If you start digging and run into something weird give me a shout or call a soil test company. The State DOT soil lab works for you, you can call them and ask questions. Bear in mind they don't have to put up with you if you're a pest. However, most lab techs (Lab rats in the vernacular) rarely mind something to break up the monotony of shaking samples, doing Proctors, etc.

If nothing else they can recommend books and publications and they can't really deny you general soil information for your area, if there's a major road nearby you might find lab reports and construction recommendations. This is a BIG good thing.

If you can get a lab report and constructions recommendations I can be a LOT more helpful.

Yeah, I worked for Alaska DOT HQ materials, foundations and spend a while as a lab rat. No sane person would accept my signature on a foundation recommendation but I have a general handle on the subject. It's no accident MY house and shop are built on glacial til. ;)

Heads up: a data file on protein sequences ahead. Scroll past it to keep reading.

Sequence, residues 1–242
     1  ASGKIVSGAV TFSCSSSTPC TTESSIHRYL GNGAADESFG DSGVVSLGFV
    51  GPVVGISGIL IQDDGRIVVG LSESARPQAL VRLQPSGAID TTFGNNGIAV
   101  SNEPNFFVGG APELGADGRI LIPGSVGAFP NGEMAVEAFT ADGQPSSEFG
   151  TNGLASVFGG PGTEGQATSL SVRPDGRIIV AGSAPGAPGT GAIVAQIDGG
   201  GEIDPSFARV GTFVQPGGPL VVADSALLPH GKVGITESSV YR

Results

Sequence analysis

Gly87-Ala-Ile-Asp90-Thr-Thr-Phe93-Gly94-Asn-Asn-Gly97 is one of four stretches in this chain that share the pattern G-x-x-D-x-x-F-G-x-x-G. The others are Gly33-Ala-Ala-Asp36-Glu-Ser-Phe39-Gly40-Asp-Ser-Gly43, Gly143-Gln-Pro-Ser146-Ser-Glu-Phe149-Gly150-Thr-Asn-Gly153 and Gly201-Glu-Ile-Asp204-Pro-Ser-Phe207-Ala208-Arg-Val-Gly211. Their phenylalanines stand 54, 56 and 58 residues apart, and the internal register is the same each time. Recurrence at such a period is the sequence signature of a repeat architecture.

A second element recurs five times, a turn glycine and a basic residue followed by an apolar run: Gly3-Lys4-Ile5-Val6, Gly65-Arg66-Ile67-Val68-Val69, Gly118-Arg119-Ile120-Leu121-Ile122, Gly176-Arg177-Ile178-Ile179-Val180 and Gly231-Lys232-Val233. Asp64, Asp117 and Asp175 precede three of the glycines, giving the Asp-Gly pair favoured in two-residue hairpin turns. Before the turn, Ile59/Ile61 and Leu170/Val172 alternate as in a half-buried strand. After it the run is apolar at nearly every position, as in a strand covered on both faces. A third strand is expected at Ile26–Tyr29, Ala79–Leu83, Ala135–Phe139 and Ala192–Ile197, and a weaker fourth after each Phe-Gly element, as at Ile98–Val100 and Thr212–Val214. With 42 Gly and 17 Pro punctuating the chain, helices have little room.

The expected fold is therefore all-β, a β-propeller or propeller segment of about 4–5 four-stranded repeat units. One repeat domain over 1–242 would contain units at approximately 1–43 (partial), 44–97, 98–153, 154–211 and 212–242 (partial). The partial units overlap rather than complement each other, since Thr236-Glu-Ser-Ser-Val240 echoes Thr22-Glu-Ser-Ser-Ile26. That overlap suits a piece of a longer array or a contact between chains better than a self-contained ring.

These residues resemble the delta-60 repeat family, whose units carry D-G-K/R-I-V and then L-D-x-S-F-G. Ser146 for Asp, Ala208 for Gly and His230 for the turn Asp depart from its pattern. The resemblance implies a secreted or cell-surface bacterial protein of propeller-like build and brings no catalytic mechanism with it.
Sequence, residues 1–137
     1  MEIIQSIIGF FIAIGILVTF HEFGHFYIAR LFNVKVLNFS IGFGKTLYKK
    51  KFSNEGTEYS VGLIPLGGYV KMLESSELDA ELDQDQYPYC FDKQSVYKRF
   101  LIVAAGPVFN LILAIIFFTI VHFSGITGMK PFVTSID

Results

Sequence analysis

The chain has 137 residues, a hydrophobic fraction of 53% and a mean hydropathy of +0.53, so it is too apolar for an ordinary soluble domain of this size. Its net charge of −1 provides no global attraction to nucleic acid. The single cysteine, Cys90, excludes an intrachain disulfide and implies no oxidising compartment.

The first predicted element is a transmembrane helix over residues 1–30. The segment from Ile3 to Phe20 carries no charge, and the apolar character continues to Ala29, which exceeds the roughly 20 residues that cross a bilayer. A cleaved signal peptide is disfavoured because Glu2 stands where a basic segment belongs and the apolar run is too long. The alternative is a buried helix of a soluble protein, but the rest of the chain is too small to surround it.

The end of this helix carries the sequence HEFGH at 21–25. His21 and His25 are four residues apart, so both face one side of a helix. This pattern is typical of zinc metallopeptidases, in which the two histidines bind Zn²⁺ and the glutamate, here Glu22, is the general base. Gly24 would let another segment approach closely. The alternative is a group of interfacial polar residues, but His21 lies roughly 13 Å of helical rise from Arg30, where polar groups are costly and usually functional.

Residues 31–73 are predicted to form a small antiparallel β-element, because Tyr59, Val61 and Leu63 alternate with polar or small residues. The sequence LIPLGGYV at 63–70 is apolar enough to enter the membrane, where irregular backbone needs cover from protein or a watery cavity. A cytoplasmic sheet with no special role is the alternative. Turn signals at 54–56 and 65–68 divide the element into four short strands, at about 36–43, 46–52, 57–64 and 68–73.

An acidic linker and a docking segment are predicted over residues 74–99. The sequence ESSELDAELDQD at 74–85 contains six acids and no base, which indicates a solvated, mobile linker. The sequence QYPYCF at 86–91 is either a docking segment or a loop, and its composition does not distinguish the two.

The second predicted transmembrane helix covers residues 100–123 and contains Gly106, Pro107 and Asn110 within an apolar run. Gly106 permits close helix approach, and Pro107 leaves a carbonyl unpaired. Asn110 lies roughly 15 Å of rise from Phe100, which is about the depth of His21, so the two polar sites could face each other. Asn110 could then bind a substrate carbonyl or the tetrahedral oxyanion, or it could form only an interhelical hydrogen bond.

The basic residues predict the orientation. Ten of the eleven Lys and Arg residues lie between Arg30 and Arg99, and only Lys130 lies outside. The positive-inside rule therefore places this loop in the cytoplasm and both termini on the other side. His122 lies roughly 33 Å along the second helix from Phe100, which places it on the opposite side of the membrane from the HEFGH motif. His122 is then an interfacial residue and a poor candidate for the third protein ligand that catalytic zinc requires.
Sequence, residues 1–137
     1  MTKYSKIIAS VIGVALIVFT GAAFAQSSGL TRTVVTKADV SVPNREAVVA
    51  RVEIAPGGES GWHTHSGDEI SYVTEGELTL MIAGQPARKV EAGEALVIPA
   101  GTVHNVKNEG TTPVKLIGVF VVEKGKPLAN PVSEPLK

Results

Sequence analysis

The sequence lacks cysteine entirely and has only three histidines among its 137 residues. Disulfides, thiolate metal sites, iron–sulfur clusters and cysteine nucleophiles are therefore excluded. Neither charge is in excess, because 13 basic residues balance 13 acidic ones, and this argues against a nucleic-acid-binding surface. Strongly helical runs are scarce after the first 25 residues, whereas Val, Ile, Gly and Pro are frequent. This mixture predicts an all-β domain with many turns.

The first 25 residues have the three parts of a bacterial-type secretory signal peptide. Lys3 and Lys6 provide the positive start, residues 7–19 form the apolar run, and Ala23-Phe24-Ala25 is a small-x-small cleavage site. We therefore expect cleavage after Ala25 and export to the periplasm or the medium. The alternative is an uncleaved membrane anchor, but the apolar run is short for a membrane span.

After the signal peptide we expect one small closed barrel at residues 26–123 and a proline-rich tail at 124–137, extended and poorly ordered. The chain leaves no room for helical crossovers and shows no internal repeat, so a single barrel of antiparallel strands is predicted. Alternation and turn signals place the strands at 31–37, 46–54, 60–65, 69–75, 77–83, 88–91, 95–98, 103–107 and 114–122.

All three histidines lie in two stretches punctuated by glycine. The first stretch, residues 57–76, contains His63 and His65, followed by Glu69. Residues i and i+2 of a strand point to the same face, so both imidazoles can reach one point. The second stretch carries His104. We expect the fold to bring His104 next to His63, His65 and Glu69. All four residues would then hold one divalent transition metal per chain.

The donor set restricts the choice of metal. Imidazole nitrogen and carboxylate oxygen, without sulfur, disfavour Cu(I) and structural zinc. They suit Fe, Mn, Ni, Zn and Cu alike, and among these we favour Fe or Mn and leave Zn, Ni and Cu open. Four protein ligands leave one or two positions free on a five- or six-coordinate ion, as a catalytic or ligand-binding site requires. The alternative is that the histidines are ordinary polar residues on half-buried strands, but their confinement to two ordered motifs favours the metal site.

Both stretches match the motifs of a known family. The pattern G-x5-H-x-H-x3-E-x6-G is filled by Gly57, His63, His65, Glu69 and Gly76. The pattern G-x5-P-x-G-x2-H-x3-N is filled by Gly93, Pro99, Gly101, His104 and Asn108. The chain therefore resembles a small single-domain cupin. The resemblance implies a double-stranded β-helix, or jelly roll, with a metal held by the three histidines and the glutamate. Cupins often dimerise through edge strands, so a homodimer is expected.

Frosty The Lucky.

Share this post


Link to post
Share on other sites

Randy and Frosty, thanks for your quick replies.

Randy, I didn't know those details of Big Blue down at ESSA.  That's interesting.  Just thinking about the hilltop ESSA's shop is on and the fairly level karst area I'm in, my situation may not be quite the same.  My first thought was to just bolt them to the slab and have at it.  - I guess I might still try that, but seeing how things were bouncing with just my buddy and I hand hammering kind of got my attention.

I've had some drainage work done around the shop, essentially a french drain with an underground pipe draining to the highway drainage ditch, all done about 18 months ago.  This was to address the fact that the land on the east side of my shop is a few inches higher than the shop concrete slab floor and with heavy rain the water would pool on that side and actually stand on the shop floor.  Not good. The drain I had put in has helped a lot.  Water never stands against the building now.